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on 21 December 2007
There are lots of reasons why you should avoid this book but the most damning one is that it's boring.
As it grinds on one loses interest in who might have put the victim out of his misery and, as it turns out, the resolution is incredibly flaccid.
I could tell you about the dull, stereotypical characterisation, the inept dialogue or even the risible sex scene ("She looked at the curly hair between his legs and then at his excitement. 'So', she thought to herself, 'that is a penis.'") but, really, this book doesn't deserve any more of your or my time.
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on 13 February 2006
I was persuaded to buy this book by the attractive cover design (yes, I know!) and the promise that this might be a series worth getting my teeth into. In the end I felt it was something of a letdown. The 1930s setting is well-established, and the deliberately two-dimensional characters are pleasant enough, but the STORY IS ABSOLUTELY USELESS. It's a classic country-house murder setup, with plenty of opportunity for depth and intrigue, but very little of either resulted. There is barely a moment of tension in the whole book, and by the end of all the pointless to-ing and fro-ing I couldn't have cared less who did the murder. The lead characters (Verity and Edward) have some potential to be engaging in further stories, but the plotting of "Sweet Poison" has just put me off any more of these novels completely. And what a dreadful idea to make them such carbon copies of Lord Peter Wimsey and Harriet Vane! This just amplifies the considerable inadequacies of these two cardboard creations and does nothing more than make you long to be reading the original. Also, the prose veers into PG Wodehouse territory on quite a few occasions which just muddles the style further - "comedy dramas" rarely work on TV, let alone in print. Go and read Sayers' "Habeas Corpus" instead - you'll have more fun!
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on 14 July 2013
I thought the book was okay but neither very original nor particularly well written. I love the Lord Peter Wimsey & Harriet Vane novels by Dorothy Sayers and hoped this might be in the same vein. But although there are (quite marked) similarities in the settings and the lead characters, I felt that Lord Edward and Verity did not "live" in the same way as do Lord Peter and Harriet. At times I just could not believe in them - which made it difficult to care what happened to them. There are also several clumsy errors, where characters say one thing on one page and then say the exact opposite on a later page; and the attempts at humour are often annoying rather than entertaining. Don't think I'll be buying any more in this series. Having said that, I finished the book and found it fairly enjoyable.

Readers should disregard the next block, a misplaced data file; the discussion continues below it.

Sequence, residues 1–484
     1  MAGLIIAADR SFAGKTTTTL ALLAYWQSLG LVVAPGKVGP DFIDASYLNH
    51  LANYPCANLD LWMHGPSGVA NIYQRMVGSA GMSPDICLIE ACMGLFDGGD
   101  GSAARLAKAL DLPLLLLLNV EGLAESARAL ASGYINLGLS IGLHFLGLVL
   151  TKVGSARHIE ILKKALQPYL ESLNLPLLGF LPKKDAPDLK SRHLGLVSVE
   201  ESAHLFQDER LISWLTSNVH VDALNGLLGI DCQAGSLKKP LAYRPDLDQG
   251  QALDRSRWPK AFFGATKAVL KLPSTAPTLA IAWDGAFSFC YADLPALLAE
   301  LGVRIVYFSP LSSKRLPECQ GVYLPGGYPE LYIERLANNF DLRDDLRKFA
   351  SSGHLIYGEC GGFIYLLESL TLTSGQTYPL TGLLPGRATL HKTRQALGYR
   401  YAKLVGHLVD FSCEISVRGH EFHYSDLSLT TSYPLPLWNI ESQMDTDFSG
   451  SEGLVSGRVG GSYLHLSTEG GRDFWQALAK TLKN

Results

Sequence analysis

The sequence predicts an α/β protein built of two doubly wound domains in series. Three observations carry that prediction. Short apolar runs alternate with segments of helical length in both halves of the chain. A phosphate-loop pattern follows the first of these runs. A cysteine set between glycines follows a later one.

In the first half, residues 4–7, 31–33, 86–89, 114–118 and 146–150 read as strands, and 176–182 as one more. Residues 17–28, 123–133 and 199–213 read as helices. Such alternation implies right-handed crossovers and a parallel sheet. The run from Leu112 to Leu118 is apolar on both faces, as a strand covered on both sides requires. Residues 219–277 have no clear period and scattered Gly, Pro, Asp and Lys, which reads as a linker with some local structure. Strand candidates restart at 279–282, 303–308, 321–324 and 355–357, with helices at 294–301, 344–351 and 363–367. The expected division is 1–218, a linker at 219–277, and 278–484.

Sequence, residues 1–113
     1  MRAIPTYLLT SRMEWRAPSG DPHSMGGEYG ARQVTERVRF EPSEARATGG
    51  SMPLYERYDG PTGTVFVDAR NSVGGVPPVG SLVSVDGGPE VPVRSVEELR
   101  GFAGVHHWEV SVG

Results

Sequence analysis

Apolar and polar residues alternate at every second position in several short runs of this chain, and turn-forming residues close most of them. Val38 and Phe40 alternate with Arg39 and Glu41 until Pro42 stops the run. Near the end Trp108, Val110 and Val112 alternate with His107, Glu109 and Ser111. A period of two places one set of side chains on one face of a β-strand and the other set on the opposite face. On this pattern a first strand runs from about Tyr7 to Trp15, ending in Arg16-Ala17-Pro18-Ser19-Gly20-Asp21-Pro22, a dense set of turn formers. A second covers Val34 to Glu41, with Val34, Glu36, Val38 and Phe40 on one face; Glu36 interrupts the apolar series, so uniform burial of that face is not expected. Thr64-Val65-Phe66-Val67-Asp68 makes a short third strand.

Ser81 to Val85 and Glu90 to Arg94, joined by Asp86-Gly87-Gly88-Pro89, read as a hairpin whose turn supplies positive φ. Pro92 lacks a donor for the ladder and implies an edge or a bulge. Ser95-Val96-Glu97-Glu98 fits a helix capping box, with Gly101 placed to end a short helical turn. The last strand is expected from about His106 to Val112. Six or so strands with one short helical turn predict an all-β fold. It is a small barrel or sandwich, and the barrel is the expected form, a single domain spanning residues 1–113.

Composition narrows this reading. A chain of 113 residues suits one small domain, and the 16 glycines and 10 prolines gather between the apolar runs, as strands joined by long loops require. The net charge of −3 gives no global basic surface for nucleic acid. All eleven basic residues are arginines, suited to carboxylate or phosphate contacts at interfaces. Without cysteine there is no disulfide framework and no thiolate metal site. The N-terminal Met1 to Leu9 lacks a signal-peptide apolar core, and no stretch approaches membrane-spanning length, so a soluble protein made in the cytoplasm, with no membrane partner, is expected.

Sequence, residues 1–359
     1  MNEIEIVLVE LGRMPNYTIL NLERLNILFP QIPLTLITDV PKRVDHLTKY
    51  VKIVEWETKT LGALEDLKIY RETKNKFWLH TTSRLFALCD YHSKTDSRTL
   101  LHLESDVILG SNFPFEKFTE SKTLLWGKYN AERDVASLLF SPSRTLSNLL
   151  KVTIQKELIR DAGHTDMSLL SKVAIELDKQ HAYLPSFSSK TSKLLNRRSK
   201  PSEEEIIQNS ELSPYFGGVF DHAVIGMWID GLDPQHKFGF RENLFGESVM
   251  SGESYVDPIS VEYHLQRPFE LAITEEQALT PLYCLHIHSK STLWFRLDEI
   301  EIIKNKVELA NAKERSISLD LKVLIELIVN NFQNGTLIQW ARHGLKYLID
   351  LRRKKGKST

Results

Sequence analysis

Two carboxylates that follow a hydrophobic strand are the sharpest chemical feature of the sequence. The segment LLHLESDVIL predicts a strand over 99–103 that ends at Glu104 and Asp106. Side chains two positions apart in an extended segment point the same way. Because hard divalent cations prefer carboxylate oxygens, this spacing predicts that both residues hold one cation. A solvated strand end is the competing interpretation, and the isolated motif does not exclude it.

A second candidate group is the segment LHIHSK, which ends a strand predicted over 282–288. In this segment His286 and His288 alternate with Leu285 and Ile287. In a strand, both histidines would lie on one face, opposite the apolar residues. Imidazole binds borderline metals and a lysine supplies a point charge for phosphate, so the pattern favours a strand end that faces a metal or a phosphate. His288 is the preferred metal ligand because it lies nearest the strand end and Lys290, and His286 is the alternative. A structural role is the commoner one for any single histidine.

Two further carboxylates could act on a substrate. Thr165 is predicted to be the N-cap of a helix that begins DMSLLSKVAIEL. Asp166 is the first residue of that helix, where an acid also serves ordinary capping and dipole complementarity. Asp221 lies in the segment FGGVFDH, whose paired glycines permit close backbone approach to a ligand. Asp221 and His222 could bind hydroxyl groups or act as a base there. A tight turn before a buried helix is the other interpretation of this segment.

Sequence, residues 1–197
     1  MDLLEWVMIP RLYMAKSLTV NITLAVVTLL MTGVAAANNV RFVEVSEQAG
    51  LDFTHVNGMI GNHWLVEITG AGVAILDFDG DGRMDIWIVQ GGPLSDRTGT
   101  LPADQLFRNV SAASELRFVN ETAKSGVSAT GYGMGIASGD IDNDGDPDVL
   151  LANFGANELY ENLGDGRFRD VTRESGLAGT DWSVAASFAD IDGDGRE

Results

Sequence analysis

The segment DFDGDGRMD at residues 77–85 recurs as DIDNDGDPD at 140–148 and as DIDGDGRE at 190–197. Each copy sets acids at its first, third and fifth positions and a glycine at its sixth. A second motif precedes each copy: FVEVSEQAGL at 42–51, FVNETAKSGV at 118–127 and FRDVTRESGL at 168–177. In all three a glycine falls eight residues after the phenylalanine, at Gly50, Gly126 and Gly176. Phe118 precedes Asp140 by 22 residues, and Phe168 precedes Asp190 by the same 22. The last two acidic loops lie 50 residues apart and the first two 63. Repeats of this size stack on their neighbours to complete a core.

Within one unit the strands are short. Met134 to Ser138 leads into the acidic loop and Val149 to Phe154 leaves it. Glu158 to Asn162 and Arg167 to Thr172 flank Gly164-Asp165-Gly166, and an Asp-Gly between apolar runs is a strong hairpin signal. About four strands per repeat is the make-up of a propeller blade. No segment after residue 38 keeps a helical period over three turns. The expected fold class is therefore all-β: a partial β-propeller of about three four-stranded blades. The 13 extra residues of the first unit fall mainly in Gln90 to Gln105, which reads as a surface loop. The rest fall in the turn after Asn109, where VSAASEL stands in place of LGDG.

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TOP 500 REVIEWERon 18 September 2010
I am interested in the music and fashions of the thirties, and when I saw that this was set in 1935 I began with high hopes. The author has identified a few handy points of reference, like the Cocoanut Grove in Regent Street, and the 400 Club in Leicester Square, not forgetting Lord Weaver the Canadian press baron, in order to bolster an unconvincing plot. Sadly it does not cut the mustard.
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on 10 July 2013
A nice, gentle yarn straight out of Girls Crystal Annual. I enjoyed it, but the author has made the mistake of creating a heroine (Verity) who is intensely irritating and not very likeable - so only 3 stars.
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on 19 March 2013
i have read all the corinth/brown series as I am facinated by by the thirties which was a dark dangerous and devious decade which David roberts captures so well with a tremendous feel for the the desperate times to come,starting with the warning of the Spanish civil war and ending and the brink of ww2. I hope that David Roberts Roberts has the energy and enthusiasm to write of the exploits corinth/brown during that dire conflict as Horewitz has done with Foyles reemergence into the cold war



spanking good stuff